Fair Justice

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How long must you wait for justice—and will the penalty actually be fair?

For citizens of Bhopal, India, 25 years have passed since a pesticide plant emitted a gas cloud that killed nearly 25,000 people. Finally, the company executives were formally sentenced. They'll receive two years in prison and fines equivalent to $2,100.

What kind of justice is this? Twenty-five years is a long time for victims to suffer, only to see those responsible so lightly punished.

The very idea of justice is closely tied to the concept of fairness. Children inherently seek situations that are fair. Adults likewise respond with: "Life's not fair." Why do we seek something so elusive? Is fair a fixed understanding or not?

The standard of law

Fair justice is based on a standard, which we call a law. Law is frequently not placed in a positive light as it involves restrictions and penalties when broken. Some people even despise law enforcement officials. But laws are necessary for order and prosperity.

The way the planets orbit the sun involves laws of motion that are completely necessary for the environmental stability that life requires. Other laws governing behavior keep us safe. Imagine driving without stoplights and rules of the road! Obeying traffic laws is for our own good. Likewise, avoiding criminal activity is also for our own good—to uplift our spiritual character.

Laws aren't so appealing when one is on the offending side. But victims of crime often want to use the full measure of the law to punish the criminal. It's human nature to excuse breaking a law when it suits us, but to demand legal penalties when it benefits us.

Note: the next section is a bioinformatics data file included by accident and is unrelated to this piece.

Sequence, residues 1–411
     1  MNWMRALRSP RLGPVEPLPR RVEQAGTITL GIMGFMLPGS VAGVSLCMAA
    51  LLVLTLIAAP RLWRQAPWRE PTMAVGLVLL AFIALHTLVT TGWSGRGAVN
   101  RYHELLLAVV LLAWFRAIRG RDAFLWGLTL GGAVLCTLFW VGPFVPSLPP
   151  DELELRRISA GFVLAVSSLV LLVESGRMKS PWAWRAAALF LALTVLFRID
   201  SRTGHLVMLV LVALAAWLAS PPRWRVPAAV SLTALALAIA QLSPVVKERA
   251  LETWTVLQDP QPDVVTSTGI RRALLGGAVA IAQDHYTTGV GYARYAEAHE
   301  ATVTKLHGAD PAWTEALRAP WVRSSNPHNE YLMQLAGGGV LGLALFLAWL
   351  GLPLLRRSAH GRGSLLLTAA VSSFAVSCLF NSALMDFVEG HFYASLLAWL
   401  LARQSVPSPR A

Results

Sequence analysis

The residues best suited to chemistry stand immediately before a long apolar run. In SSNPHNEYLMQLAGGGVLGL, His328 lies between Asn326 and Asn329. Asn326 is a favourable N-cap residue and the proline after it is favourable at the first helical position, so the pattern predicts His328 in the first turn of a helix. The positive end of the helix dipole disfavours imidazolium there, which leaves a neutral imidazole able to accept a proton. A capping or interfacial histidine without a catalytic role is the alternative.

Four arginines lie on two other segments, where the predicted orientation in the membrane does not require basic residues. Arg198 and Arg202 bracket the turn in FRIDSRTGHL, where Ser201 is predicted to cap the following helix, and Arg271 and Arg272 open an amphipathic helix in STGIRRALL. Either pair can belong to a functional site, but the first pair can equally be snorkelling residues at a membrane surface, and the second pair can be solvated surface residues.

Troubled justice

Fair treatment must be based on fair laws. As humans we can't often create that level of fairness because we're flawed by nature.

For instance, if men make a law, women may complain. If one group passes a law, a minority or other class of that society will undoubtedly not be fully represented.

Examples of human laws that do not promote justice are all around us. Judges are bribed, discrimination and partiality are the norm throughout the world and even some religious groups are excluded by some national laws. The justice system in this world is failing to provide fair treatment, much less provide decency and order. Due to their imperfections, the legal systems created by humans are just plain broken.

True justice

A better law that promotes justice does exist. In fact, the Bible is full of the laws created by God Himself that govern even the intent of our hearts. These are timeless principles that could translate into concrete laws for today. God's is the ultimate fair law, the universal standard on which to base justice.

The sad truth is that governments today will not peaceably turn to this superior and supreme law. However, God promises that when Jesus Christ returns, the world will be governed by one law and mankind's longing for fairness and justice will be satisfied.

Then, thankfully, those suffering from the effects of toxic chemicals or other unjust circumstances will finally experience true fairness and justice under the law, as well as the mercy that only our Savior can give. VT